The vendor exhibitor hall wasn't my favorite part of MommyCon Anaheim, but I'm sure that has something to do with the brain overload I was experiecing. So many things to look at, people to pass by, baby carriers to admire...overwhelming for this convention newbie for sure. A few really cool booths stood out, so I'd like to highlight them here. Mary took a liking to embe, whose booth was a big hit in the crowd because they had adult-sized swaddle displays for demonstration and hilarity purposes. She really loved the soft texture, the well-thought-out design, and the fact that they have an organic version as well.

Amanda Cagle

Amanda, Jamie Grayson, & Mary

MommyCon Anaheim 2015 general admission gift bag contents

My thoughts on the event, keeping in mind that I'm not a mom, was mostly there for resources for my doula clients, and am local to OC:

1) The vendors weren't what I wanted to see. They were mostly out-of-state based brands and national or international brands. I'd have preferred more locally sourced talent and ingenuity. Perhaps this just isn't a convention geared toward local products and services, but I was wishing it was almost the whole time. I also got really bored of the lack of diversity in booths; I counted three large-scale babywearing gear companies (not including the babywearing station where people tried out new carriers), three or four cloth diaper companies, and a handful of natural baby and family skin-care product companies. This in a room that I would estimate had less than 30 vendors total.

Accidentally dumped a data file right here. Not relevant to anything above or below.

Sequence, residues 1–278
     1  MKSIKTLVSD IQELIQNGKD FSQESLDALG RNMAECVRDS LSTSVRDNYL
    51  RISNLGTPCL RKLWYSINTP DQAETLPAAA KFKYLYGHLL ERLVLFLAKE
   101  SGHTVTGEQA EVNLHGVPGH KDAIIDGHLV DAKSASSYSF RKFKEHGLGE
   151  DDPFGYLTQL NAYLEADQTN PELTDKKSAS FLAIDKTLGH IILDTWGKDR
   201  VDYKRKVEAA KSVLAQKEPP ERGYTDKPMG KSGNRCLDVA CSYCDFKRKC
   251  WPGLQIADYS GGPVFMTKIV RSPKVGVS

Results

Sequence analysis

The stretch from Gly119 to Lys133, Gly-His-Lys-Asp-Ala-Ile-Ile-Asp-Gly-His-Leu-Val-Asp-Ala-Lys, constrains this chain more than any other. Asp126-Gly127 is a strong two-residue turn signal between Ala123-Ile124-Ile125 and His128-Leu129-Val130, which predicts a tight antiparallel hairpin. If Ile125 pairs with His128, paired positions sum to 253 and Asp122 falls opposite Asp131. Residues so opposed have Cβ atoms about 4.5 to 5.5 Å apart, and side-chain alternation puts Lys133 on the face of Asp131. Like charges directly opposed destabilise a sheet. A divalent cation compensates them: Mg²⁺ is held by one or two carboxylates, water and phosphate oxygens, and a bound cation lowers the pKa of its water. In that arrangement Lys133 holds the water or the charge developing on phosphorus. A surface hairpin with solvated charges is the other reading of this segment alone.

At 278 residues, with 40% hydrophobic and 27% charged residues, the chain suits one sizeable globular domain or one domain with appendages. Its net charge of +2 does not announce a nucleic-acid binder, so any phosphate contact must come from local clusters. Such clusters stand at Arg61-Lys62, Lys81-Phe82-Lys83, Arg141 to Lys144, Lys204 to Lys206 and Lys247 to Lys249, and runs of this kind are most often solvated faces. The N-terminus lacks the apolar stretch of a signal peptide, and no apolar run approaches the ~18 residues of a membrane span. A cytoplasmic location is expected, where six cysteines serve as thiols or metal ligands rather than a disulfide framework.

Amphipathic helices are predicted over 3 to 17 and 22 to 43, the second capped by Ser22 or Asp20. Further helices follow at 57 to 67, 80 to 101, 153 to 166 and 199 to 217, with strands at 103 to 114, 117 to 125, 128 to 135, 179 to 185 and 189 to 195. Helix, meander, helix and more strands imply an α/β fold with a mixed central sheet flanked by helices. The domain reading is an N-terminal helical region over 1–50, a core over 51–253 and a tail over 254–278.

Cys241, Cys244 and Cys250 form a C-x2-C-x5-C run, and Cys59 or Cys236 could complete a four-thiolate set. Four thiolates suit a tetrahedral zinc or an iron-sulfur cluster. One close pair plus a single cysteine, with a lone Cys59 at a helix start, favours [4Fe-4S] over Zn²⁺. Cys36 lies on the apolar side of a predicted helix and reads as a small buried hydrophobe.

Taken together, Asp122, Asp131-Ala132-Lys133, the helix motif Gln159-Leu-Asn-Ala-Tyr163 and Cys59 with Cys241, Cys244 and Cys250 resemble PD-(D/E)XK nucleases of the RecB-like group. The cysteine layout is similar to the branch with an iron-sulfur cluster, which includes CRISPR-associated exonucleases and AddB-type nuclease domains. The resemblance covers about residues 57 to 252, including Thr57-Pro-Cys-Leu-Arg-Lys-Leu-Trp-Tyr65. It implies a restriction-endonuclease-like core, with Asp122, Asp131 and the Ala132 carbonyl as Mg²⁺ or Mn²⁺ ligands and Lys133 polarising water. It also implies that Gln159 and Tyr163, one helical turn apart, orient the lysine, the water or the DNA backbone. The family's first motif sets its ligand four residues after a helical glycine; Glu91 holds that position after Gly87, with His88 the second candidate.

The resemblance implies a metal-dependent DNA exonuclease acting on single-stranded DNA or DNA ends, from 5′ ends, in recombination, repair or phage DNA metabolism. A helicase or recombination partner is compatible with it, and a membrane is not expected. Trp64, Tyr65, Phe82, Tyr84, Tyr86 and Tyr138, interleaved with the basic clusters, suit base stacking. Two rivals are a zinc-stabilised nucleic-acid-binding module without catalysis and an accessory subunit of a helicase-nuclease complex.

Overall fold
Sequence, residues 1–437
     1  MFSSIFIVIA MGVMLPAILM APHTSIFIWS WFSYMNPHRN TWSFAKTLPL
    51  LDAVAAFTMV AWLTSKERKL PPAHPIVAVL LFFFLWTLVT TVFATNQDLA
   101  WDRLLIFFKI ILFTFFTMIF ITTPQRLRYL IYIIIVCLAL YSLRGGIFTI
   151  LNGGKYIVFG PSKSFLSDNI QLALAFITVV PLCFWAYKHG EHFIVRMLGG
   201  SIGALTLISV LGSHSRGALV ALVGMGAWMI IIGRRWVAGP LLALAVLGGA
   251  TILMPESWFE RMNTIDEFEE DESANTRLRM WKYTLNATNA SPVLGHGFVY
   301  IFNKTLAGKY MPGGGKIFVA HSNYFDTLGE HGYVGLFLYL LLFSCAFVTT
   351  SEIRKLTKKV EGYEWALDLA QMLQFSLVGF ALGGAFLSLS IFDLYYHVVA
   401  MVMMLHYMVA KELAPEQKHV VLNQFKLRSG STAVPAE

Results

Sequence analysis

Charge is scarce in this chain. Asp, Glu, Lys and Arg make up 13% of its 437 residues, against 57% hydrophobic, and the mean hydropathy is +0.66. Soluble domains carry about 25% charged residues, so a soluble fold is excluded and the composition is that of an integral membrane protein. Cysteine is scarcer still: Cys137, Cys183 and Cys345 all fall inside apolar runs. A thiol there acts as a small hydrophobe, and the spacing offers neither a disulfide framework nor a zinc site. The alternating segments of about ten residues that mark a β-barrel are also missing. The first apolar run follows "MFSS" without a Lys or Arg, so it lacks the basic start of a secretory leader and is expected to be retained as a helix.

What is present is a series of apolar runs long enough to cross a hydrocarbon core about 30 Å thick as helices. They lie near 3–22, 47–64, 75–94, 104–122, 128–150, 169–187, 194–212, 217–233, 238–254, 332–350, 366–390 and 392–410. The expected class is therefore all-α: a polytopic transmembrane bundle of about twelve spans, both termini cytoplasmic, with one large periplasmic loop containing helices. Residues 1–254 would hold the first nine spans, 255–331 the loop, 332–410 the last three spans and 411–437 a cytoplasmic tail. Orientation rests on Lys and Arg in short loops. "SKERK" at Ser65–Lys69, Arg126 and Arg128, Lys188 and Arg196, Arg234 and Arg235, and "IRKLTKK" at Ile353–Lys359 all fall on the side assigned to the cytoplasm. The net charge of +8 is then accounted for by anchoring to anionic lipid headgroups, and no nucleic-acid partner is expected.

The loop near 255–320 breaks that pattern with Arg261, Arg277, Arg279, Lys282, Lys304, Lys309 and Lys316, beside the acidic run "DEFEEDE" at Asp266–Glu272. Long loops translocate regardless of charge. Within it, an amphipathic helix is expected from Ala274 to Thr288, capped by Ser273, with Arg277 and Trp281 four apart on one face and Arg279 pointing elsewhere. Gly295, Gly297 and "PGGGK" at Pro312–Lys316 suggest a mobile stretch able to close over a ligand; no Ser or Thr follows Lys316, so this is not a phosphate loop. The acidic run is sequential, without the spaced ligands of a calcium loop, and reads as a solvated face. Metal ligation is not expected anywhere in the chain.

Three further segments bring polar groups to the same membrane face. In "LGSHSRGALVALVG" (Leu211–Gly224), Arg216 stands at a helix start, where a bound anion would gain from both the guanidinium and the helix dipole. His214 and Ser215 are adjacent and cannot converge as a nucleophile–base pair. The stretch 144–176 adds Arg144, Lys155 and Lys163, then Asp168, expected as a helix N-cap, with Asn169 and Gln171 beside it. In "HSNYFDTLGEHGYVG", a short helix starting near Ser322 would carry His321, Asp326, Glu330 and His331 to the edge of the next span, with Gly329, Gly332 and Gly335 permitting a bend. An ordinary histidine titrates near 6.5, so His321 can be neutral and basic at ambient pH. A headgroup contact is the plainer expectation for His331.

2) To my surprise, most of the attendees were not actually from Orange County. Almost every one of the families I spoke with were from the Inland Empire area, with a few LA exceptions, and even fewer OC exceptions. Volunteers were local, so I saw a few familiar faces in the crowd. But as far as the potential to educate local people about doulas, childbirth choices, and my business, the event was a bust. I definitely wouldn't spend money advertising or sitting at a booth unless I had a nation-wide business.

3) The presentations were rad. I only had the time and energy to attend two workshops in total, but I sat in on the beginning or end of more than half and heard some great info & support being spread. My only gripe was that most were discussions with minimal props. I wish there had been projectors, eye catching diagrams, photos taped up...something for the non=auditory learners out there. I think this would have been especially helpful as the rooms were filled with children at various ages and loudness levels.

4) The layout of the event was annoying in total. The large exhibitor room made sense enough, but I never actually came across the breastfeeding lounge and you had to go on a hunt for the gift bag room. Definitely glad they'll be in a new space next year as this one didn't do my poorly dressed feet any favors!

Overall, I had fun and would go again. I can see why this is a fun event for the mamas out there, though I felt for all the littles...twas a long day for those that stayed strapped to their moms for the whole event!

It looks like MommyConOC 2016 tickets are already on sale. Will I see you there next August?